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Fasted Cardio - Is it for you?

I spend a lot of time preaching about why its important for everyone to commit to one goal; fuel for weight loss or sports performance. It does not mean you won’t accidentally improve both, but it is important to pick your battles. Our bodies are designed to maintain balance via homeostasis and trying to make too many changes at once will ultimately lead to exhaustion and burn-out rather than robust health.

After all, whether you’re shooting for a PR or fat loss, we all want to be robustly healthy and feel energetic.


Enter fasted cardio. Friend or foe?

Fasted cardio gives our body a chance to mimic fasting, as our body’s energy demands are increased at at time when there’s minimal sugar stored in the liver. Fasted cardio forces our body to create its own sugar stores via gluconeogensis (read: breaks down fat stores), as well as enhances insulin sensitivity (read: helps us clear sugar from our bloodstream faster so we can get back into fat burning mode after eating a meal).

This is helpful for both the athlete with sports performance goals as well as those seeking fat loss.

Fasted runs or cardio allows the athlete to learn how to push themselves further and harder before “hitting the wall.” This concept of training low (low carb) and racing high (high carb) has substantial evidence to suggest that it helps your body more efficiently utilize carbs on hard training days and during competition. In essence, training fasted teaches your body how to better handle the phase of training when your carbohydrate stores are dwindling and your body is using more lactic acid for fuel. You can push harder and longer before experiencing that dread “hit the wall” feeling.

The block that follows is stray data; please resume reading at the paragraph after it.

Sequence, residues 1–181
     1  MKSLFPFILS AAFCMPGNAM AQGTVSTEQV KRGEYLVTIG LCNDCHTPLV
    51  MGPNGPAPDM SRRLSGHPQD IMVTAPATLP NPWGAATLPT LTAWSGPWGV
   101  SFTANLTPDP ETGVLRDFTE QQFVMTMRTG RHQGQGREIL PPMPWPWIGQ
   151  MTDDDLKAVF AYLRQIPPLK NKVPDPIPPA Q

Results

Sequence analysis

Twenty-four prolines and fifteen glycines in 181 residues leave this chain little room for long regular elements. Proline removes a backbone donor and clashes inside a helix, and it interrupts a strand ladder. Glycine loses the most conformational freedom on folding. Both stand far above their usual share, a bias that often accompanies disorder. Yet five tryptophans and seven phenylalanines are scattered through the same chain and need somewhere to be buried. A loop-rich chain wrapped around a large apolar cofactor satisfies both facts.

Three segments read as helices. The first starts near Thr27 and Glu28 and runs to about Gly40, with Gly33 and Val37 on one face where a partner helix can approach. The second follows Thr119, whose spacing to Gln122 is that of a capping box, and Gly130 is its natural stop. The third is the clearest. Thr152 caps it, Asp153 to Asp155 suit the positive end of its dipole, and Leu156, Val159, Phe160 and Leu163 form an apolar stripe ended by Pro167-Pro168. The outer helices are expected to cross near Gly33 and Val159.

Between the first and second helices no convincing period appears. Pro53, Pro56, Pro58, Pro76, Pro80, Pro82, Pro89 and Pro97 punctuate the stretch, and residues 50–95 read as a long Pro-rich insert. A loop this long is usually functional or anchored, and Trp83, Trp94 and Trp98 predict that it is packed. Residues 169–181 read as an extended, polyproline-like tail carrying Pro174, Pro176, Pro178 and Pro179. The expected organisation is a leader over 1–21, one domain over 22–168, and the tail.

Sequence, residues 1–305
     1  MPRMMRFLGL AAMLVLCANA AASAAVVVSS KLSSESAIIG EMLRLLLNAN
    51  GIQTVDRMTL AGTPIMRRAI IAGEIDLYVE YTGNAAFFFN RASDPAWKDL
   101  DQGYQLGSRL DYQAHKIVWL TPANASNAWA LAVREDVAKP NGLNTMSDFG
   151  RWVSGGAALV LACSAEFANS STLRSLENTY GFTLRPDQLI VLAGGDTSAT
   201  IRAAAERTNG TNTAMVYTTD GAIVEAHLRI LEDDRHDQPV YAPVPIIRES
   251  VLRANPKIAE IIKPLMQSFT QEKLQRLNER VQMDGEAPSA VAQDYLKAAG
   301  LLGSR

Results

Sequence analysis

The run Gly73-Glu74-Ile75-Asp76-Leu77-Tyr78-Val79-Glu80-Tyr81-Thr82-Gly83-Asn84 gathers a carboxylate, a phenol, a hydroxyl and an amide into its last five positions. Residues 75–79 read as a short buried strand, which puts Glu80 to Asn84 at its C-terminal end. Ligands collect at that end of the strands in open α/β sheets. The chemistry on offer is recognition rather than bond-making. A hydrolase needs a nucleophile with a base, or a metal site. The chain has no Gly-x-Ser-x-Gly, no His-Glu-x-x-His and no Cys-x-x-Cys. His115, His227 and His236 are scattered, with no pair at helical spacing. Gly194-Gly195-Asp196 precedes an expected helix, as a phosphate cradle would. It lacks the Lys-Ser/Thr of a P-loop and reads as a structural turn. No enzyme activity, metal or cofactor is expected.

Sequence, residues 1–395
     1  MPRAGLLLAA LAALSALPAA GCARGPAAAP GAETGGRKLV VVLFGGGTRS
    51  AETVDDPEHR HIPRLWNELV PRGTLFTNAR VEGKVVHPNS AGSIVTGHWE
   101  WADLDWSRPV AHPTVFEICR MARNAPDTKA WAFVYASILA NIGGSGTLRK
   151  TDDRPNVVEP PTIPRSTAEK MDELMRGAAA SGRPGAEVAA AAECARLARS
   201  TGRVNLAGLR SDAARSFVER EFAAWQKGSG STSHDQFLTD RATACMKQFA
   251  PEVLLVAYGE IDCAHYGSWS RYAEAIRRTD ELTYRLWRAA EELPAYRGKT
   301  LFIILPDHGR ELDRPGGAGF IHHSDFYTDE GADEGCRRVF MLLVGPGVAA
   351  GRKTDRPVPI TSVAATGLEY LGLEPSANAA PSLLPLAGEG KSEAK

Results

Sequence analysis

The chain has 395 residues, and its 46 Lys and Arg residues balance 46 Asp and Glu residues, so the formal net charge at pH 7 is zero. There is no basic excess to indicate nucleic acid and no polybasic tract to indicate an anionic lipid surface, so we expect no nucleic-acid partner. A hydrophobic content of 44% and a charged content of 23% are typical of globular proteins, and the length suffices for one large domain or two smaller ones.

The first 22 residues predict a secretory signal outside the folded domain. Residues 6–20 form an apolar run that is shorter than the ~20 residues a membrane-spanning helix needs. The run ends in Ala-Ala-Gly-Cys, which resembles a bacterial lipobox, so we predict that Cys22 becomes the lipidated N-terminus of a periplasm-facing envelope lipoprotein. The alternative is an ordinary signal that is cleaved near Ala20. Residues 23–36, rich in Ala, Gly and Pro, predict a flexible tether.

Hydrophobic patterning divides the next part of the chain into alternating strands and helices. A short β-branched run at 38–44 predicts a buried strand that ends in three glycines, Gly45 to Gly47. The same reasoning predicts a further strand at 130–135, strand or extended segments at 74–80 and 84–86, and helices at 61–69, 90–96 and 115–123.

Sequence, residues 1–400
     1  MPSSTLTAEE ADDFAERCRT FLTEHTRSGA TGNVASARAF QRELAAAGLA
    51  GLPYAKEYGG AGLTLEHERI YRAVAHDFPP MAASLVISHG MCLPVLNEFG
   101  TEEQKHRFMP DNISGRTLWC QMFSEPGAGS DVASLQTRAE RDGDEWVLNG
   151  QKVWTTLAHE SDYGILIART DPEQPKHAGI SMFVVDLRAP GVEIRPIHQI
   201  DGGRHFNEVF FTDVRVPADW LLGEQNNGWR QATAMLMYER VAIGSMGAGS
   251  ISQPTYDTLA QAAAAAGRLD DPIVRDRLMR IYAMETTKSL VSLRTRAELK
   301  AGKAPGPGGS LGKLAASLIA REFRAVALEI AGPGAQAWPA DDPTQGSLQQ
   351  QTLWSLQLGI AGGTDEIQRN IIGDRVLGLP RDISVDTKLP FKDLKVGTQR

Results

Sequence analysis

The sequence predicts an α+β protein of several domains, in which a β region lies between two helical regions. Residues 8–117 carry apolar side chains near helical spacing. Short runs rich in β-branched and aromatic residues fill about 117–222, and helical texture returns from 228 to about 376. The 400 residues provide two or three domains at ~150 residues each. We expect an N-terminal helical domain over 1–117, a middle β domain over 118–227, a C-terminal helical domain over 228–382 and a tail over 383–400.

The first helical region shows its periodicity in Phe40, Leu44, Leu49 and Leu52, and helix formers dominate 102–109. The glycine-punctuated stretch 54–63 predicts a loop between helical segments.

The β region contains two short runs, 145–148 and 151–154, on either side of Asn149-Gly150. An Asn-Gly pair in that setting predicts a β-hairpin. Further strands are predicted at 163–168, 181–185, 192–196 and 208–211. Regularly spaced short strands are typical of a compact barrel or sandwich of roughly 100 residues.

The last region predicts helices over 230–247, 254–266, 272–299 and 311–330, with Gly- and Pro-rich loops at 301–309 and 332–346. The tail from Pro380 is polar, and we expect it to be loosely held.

Likewise, fasted cardio also is beneficial for those seeking fat loss, especially when paired with a pre-exercise cup of black coffee or tea, as caffeine accelerates fat burning mid-fasted-workout. Fasted cardio not only is thought to increase fat-burning during the fasted-workout itself, but assists in creating a more “insulin sensitive” body long-term. The effects of being insulin sensitive make it easier for you to stay in a fat burning mode everyday with the added bonus of fighting against diabetes.


What counts as fasted cardio??

Whenever you’ve gone 8+ hours without food the stored sugar in your liver becomes fairly depleted. Engaging in low or moderate intensity cardio, such as a run or elliptical, for 30+ minutes allows your body to reap the benefits of fasted cardio. Athletes should strive to exercise for 60+ minutes in this state to truly practice stalling the “hit the wall” feeling.

If you’re in a time crunch but want to practice fasted cardio, doing HIIT workouts for <20 minutes also can help your body become more insulin sensitive.


Fasted cardio is a powerful tool for everyone.

Simply choose a minimum of 1-2 days a week when you can train early morning, before breakfast. Drinking water, coffee or tea without any calories from milk or sugar will not break your fast. Just remember that the fasted state is not the best time for training runs/workouts when speed or weight are being challenged. Carbs are great for workouts where you’re competing or trying to push your limits, while fasted cardio is a great tool for fat loss or to increase endurance.


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